Chief has butterflies.
Can you believe it?
Blues coach Craig Berube sounded, for one moment Thursday afternoon near the 18th hole at Norwood Hills Country Club, like something awfully close to, dare I say, a rookie.
“I tell you what, today I was pretty nervous on the first tee,” said Berube after chipping his way onto the final green. “And I’ll be nervous Saturday, too. You want to hit a good shot. It’s going to be fun, but also you want to do well.”
Berube, who is somewhere around a 5 or 6 handicap, treated his Ascension Charity Classic pro-am round as a tune-up for Saturday afternoon, when he will join Cardinals legend Ozzie Smith and – gulp – Jack Nicklaus and Tom Watson for the Ascension Charity Classic’s nine-hole exhibition known as the Legends Charity Classic.
The star-studded foursome – Nicklaus and Smith vs. Watson and Berube – will tee off after Saturday’s final pairing of the tournament’s second round and play for a chance to claim a $25,000 purse for PGA REACH Gateway (Nicklaus and Smith) and First Tee of Greater St. Louis (Watson and Berube).
Friendly competition, sure. But a competition, nonetheless. Berube passed on my suggestion to show up with his Stanley Cup championship ring for its potential intimidation factor.
“That thing’s put away somewhere,” he said. “I haven’t seen it for a while.”
You know what we haven’t seen for a while?
St. Louis crush a sporting event.
COVID knocked us down. Crowds were banned, then limited. When the lid lifted on capacities, the grounded 2021 Cardinals failed to become the wind beneath our wings. We need a jolt. Here comes one.
The Ascension Charity Classic at Norwood Hills is an old-school golf tournament played at the perfect course for it. The oldies but goodies on the PGA Tour Champions circuit are going to put on a show starting Friday morning. The crowd will not disappoint. In fact, it’s already wowing.
“This was one of the biggest attended pro-am days they have seen in a long time,” said Nick Ragone, executive vice president for Ascension, as Thursday’s soft launch started to wind down. “The John Daly crowd was three deep. For a pro-am. We have projected for the week, 30,000 people, which is for a Champions Tour event, amazing. If it trends this way, we might do 15 to 20,000 of that on Saturday. We sold out all of our merchandise today. And we had a lot. We are going to get more.”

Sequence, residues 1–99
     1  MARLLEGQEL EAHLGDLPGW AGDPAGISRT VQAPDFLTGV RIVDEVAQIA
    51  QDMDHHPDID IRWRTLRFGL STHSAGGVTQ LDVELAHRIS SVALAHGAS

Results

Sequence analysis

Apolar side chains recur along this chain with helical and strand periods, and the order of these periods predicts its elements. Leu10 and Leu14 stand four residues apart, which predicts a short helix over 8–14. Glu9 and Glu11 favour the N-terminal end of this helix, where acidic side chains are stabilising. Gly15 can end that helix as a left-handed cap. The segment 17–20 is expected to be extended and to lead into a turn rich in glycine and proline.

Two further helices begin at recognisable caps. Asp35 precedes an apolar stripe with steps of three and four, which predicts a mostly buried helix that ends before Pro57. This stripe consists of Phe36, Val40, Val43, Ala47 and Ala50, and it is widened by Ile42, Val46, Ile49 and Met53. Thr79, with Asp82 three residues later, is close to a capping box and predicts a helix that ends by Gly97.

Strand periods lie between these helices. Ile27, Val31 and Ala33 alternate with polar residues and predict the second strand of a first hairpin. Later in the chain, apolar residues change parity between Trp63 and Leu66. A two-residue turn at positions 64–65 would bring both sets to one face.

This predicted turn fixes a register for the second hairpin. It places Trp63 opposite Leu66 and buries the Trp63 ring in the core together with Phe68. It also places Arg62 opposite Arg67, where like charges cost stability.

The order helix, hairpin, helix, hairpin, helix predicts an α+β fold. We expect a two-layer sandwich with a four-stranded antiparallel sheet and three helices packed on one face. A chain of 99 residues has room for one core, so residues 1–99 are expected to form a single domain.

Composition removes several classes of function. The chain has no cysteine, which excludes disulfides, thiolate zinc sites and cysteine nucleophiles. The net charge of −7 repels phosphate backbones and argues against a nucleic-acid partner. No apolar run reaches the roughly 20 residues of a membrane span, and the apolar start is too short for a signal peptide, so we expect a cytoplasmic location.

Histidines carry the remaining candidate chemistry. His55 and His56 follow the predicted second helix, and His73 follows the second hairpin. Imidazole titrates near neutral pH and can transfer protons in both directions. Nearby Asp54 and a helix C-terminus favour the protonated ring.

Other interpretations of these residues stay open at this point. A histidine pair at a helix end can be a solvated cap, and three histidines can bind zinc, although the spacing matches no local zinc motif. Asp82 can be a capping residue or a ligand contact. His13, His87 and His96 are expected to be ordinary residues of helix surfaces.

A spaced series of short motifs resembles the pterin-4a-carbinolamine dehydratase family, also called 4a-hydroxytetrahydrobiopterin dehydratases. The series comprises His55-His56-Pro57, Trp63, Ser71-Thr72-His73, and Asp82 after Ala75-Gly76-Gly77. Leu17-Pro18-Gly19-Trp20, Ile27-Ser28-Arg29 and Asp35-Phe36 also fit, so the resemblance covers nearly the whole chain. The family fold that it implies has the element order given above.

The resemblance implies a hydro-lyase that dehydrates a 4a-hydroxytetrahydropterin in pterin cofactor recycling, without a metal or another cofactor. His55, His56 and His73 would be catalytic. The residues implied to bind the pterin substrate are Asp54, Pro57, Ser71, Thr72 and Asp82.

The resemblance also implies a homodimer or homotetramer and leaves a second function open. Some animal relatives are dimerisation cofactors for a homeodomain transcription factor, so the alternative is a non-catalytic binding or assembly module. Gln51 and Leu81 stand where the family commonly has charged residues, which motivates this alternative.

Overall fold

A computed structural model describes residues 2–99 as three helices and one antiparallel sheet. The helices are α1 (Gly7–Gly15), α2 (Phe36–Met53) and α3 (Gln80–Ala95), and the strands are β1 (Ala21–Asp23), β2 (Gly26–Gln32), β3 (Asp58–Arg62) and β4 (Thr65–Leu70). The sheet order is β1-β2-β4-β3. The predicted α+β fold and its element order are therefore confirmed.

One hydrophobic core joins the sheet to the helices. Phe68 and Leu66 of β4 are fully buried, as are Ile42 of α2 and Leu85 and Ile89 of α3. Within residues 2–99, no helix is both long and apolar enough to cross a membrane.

No one should be surprised. Well, other than the slanderous NFL. The record is clear. When you plant your sports flag in support of St. Louis, St. Louis rushes to reward. We’ve watched it happen for MLB and NHL All-Star Games, the upstart XFL BattleHawks and, specific to golf, the 2018 PGA Championship.
This inaugural PGA Tour Champions event at Norwood Hills is developing that kind of buzz.
Most of the tour’s top-25 money leaders have arrived to jostle for the $2 million purse.
Seeds of compelling storylines – none bigger than St. Louis’ own Jay Delsing getting his shot on the course he grew up on – are begging to bloom.
The fairways and greens looks perfect, and the weather forecast is better than what Ragone could have imagined.
And the best part?
The money generated here in North County is going to be pumped back into North County.
It’s already started.
Thanks to Ragone’s leadership and the partnerships the tournament has created with Emerson and others, last year’s COVID-caused cancelation did not stop the tournament from beginning significant contributions to its three primary beneficiaries: Marygrove, the Urban League of Metropolitan St. Louis, and Boys & Girls Clubs of Greater St. Louis.
The delivery of $225,000, split three ways between those groups, was a big day in October. How many other tournaments hand out big paper checks when there was no tournament? But as fun as that was for Ragone, it was not as fun as seeing youth golfers from Diversity Golf, First Tee of Greater St. Louis and PGA REACH Gateway spread out across the Norwood Hills driving range for Thursday afternoon’s youth clinic hosted by tournament coaches and players.
That made it real, finally.
“Part of what we want to do is make the game more inclusive and more diverse, and this is a first step,” Ragone said. “I hope that this tournament and what we’re doing, and the way we’re doing it, inspires more people to take up the game, and more companies to locate big events in North County, whether it’s sports, whether it’s businesses. I really had to fight back tears, because it was two years of work, a vision in your head and then you see it in front of you. And it’s not one-and-done. This isn’t one week, and then we go away. This is every year, and it’s going to get better and better. I want it to be a tent-pole event where you build around it.”
Build it in St. Louis, and sports fans — and even St. Louis sports stars — will come out and support.
The reminders never get old.